This document gives an overview of the Google Cloud Storage XML API and is intended for developers. It assumes that you are familiar with web programming and you are comfortable creating applications that consume web services through HTTP requests.
As an alternative to creating HTTP requests and parsing responses manually using the XML API, you can use the Cloud Storage Client Libraries, the gsutil tool, or the Cloud Storage UI, Google Cloud Platform Console. If you are looking to store data for a mobile or web application, Firebase SDKs for Cloud Storage are the quickest way to get started.
Google Cloud Storage XML API is a RESTful interface that lets you manage Google Cloud Storage data in a programmatic way. As a RESTful API, it relies on method information and scoping information to define the operations to perform:
- Method information
- You specify the method information with standard HTTP methods, such as DELETE, GET, HEAD, and PUT.
- Scoping information
- You specify the scoping information with a publicly-accessible endpoint (URI) and various scoping parameters. In this case, the primary scoping parameter is a path to a resource, which consists of an object name (file name) and bucket name (container name). Used together, the object name, bucket name, and public URI create a unique URL to a given resource—a resource on which you can perform operations with HTTP methods. You can further scope your operations by using HTTP headers and query string parameters.
For detailed programming information about the Google Cloud Storage XML API, see the Reference Guide.
We recommend that you use HTTPS when reading or writing data to Google Cloud Storage so that your data is encrypted during transfer. Google Cloud Storage automatically encrypts your data before it is written to disk. For more information, see Encryption.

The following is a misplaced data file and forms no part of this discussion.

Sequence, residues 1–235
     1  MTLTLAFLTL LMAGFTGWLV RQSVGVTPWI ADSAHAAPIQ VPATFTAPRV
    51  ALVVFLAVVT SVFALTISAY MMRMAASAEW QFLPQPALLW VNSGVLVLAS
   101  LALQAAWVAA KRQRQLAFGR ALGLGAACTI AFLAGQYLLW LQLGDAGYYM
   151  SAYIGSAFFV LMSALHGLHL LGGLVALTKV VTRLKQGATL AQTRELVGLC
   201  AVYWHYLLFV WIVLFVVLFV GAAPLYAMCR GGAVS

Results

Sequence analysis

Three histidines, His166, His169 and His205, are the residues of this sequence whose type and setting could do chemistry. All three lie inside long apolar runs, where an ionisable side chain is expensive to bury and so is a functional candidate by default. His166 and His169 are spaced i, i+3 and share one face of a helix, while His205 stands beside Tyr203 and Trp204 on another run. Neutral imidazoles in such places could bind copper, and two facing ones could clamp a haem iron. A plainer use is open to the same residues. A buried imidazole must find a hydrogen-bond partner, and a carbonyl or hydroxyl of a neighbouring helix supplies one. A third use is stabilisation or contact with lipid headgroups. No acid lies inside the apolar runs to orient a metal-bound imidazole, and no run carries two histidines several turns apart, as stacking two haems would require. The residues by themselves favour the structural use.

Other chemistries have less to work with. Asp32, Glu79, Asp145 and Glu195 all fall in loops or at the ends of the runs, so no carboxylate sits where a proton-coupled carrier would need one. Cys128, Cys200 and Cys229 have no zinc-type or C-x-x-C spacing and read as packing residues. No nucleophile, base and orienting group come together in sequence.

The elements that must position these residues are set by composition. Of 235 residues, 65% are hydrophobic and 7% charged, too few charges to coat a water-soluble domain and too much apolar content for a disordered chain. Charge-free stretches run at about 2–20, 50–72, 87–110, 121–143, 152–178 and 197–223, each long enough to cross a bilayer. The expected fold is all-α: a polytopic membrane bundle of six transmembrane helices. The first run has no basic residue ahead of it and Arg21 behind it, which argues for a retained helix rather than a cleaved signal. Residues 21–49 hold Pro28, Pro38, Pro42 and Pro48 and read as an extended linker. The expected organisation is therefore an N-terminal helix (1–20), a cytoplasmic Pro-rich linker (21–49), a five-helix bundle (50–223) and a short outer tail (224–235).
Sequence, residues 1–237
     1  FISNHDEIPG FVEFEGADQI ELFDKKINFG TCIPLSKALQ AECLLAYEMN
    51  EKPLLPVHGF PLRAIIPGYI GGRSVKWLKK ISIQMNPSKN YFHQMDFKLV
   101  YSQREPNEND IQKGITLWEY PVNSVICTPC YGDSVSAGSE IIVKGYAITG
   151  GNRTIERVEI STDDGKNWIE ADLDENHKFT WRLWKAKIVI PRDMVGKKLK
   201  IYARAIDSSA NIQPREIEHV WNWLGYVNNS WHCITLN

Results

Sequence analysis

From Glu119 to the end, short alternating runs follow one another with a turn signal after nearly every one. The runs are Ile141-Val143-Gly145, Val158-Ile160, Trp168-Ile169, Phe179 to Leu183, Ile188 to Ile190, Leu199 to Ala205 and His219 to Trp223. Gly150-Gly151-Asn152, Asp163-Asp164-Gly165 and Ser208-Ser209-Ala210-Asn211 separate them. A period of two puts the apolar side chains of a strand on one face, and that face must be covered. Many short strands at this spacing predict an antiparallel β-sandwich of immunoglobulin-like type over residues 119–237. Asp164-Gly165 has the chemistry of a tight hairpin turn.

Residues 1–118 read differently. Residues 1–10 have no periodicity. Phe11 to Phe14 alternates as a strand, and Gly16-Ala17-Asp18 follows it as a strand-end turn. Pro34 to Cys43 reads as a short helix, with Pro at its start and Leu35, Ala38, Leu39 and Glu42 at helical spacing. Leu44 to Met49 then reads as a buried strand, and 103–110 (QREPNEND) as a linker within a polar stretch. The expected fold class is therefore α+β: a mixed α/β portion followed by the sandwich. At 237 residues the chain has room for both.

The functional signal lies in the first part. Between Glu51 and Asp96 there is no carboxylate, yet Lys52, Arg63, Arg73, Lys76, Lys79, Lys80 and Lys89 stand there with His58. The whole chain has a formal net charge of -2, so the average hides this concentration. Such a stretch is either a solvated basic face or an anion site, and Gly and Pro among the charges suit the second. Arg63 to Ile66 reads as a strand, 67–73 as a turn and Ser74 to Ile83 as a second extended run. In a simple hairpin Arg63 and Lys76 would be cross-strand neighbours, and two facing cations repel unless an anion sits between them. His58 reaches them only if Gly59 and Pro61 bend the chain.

In practical terms, the Google Cloud Storage XML API provides a web interface for making HTTP requests and handling HTTP responses. Each request implements a standard HTTP method. The Google Cloud Storage XML API supports the following HTTP methods:
- GET Service—lists all of the buckets that you own.
- DELETE Bucket—deletes an empty bucket.
- GET Bucket—lists the contents of a bucket or retrieves the ACLs that are applied to a bucket.
- HEAD Bucket—indicates if a bucket exists and whether the requester has READ access to it.
- PUT Bucket—creates a bucket and changes the permissions on a bucket.
- DELETE Object—deletes an object.
- GET Object—downloads an object or retrieves the ACLs that are applied to an object.
- HEAD Object—lists the metadata for an object.
- POST Object—uploads an object by using HTML forms.
- PUT Object—uploads an object or applies new ACLs to an object.
You can use various HTTP request headers with each of these methods. The Google Cloud Storage XML API supports HTTP/1.1 request headers. It also supports several extension (custom) request headers, which have an